On the other side of the ledger, we’ve witnessed a steady decline in the power of organised labour, with only 10 per cent or so of the OECD workforce paid-up union members, and around 15 per cent in Australia. This seems counter-intuitive at a time of such huge wealth and income differentials, but the spectre of casualisation, lack of employment opportunities, and low waged and de-unionised workforces in other countries have increased the power of employers and instilled fear and trepidation among workers. Add to this myriad free trade agreements (placing further downward pressure on wages), the increased power of corporations over governments thanks to the Trans-Pacific Partnership, along with political and legislative attacks on the union movement – as in the case of the Abbott government’s creation of the Royal Commission into Trade Union Governance and Corruption – and we have all the ingredients for diminished union power. The result is a circular process: the weaker the labour movement the more likely that wealth and income differentials will deepen.
The consequence of all this is a fragmented picture of global and regional inequality. Although the overall total of global wealth has increased over recent years, the data indicates clearly that wealth and income divides within nation states remain deeply entrenched. This enduring culture of structural inequality around the world is glaringly evident.
The Washington-based multi issue Institute for Policy Studies in 2015 has distilled enormous amounts of information on wealth inequality, drawing from various credible sources around the world (including from some of the leading financial corporations). Despite the growth in the quantum of global wealth, and some signs of diminished levels of overall inequality (mainly because of the rise of a middle class in China and India), the gulf between the global rich and poor remains acute, as it does within nation states.
Among other things, the IPS data shows that “nearly three-quarters of the world’s adults own under $10,000 in wealth. This 71 per cent of the world holds only 3 per cent of global wealth”. Equally striking, the world’s richest people with over $100,000 in assets, make up less than 10 per cent of the world’s population but account for nearly 85 per cent of global wealth. The greatest concentrations of individual wealth (including three quarters of the world’s millionaires) are found in Western and European countries. “Ultra-high net worth individuals’ — those earning in excess of $30 million, “own 12.8 per cent of total global wealth, yet represent only a tiny fraction of the world population”. The very rich – 10 of the world’s leading billionaires – “own $505 billion in combined wealth, a sum greater than the total goods and services most nations produce on an annual basis”. The report further notes that in March 2016 there were, worldwide, 1,810 billionaires, nearly double the number in 2009. “These 1,810 billionaires together hold $6.5 trillion in wealth”, says the Institute.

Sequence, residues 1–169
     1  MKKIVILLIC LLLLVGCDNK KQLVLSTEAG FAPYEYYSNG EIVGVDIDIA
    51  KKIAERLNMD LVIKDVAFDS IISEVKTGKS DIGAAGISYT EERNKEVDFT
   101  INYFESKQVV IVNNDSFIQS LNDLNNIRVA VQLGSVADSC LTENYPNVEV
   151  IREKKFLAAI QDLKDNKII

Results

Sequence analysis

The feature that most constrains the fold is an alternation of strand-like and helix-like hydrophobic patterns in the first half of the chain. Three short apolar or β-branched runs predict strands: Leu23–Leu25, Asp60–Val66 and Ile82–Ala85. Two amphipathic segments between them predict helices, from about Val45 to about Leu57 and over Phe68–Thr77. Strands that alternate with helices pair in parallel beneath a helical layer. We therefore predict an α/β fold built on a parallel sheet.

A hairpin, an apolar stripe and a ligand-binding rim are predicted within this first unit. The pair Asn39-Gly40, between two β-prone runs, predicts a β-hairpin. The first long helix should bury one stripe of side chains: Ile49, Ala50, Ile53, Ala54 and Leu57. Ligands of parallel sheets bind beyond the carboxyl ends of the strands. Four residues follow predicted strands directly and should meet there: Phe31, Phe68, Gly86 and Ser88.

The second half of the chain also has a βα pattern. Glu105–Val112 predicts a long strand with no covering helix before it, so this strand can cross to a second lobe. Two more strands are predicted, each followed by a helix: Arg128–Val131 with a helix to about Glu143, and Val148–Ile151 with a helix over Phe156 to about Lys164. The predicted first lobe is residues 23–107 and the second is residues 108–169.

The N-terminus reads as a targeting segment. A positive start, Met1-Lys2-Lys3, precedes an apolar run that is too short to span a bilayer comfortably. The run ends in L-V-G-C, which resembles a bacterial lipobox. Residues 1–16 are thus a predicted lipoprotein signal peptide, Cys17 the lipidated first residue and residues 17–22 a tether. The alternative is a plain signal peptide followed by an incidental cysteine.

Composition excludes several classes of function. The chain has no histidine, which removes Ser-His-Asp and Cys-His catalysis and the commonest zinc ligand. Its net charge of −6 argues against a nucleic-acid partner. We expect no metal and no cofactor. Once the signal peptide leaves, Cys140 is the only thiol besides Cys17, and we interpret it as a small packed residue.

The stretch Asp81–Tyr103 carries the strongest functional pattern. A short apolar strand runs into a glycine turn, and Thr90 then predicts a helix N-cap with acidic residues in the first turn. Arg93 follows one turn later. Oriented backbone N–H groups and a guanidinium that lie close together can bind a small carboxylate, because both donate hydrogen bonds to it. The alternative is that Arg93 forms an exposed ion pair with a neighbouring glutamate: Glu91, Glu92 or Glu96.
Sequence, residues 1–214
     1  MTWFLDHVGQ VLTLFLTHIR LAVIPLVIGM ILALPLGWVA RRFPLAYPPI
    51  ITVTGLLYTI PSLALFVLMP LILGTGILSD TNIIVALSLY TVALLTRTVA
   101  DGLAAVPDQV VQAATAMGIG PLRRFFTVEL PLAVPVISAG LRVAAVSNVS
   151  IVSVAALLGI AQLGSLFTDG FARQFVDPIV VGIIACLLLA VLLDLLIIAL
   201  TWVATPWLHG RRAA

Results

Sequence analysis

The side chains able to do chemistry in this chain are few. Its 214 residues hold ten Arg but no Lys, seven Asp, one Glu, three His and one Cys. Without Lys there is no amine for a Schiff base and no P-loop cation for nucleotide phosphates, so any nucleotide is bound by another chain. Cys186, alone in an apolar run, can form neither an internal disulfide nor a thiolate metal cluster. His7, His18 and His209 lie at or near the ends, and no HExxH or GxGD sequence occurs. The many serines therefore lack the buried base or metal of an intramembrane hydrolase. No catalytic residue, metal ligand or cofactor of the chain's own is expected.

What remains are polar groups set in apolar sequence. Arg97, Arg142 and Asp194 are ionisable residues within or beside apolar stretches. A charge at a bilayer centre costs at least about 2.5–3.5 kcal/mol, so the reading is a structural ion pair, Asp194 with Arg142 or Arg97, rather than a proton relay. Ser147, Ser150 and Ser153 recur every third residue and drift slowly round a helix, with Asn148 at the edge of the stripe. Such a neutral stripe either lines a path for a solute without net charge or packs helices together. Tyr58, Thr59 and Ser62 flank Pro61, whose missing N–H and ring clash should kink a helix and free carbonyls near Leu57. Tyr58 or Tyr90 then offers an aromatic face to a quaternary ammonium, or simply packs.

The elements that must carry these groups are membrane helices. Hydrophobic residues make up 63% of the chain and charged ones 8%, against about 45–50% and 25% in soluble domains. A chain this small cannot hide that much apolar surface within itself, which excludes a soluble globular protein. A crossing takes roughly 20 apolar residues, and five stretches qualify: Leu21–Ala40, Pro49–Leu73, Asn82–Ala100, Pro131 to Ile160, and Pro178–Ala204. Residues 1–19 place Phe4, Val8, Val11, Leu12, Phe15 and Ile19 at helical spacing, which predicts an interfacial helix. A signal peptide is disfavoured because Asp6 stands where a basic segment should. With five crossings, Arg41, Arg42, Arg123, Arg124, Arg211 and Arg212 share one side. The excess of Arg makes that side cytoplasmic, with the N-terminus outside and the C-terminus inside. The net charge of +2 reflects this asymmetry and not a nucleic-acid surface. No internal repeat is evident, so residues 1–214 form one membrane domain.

On the other hand, 3.4 billion of the world’s adults with accumulated wealth of less than $10,000 possessed $7.4 trillion in net worth. The richest one per cent, those with wealth over half a million dollars, “owned 39.9 per cent of the world’s household wealth, a total greater than the wealth of the world’s poorest 95 per cent, those adults worth under $150,145”.
According to Thomas Piketty, the biggest concentrations of income have occurred in the Anglosphere countries, with the one percenters in the US, Canada, the UK, and Canada and Australia increasing their share of income by between 10 and 18 per cent. A similar pattern obtains with the top 10 per cent in these countries, a phenomenon that Piketty describes as “the rise of the super manager: an Anglo-Saxon phenomenon”.
Despite all the talk of a “fair go” and the “lucky country”, wealth and income inequality is rife in Australia. According to an Australian Council of Social Services report, Inequality in Australia: A Nation Divided, Australian income inequality is higher than the OECD average, with top earners accruing five times more than the lowest paid workers. While overall wages have risen, the picture is patchy, with unequal wage increases serving to increase income inequity. Those atop the income ladder have experienced a much faster rate of income growth than the bottom 20 per cent (a group made up largely of sole parents, people over 65 years of age, and those reliant on welfare and/or from non-English speaking backgrounds and regional areas). Additionally, top earners have benefited from the doubling of investment income between 2004 and 2010, the key driver of income inequity.
When it comes to wealth distribution, the divisions are more acute: “A person in the top 20 per cent has around 70 times more wealth than a person in the bottom 20 per cent”, says ACOSS, adding that the top 10 per cent of households own a little under half of all wealth (derived mainly from property investments, shares and superannuation), while the bottom 40 per cent of households own less than 5 per cent. Importantly: “the average wealth of a person in the top 20 per cent increased by 28 percent over the past eight years, while for the bottom 2o per cent it increased by only three per cent”.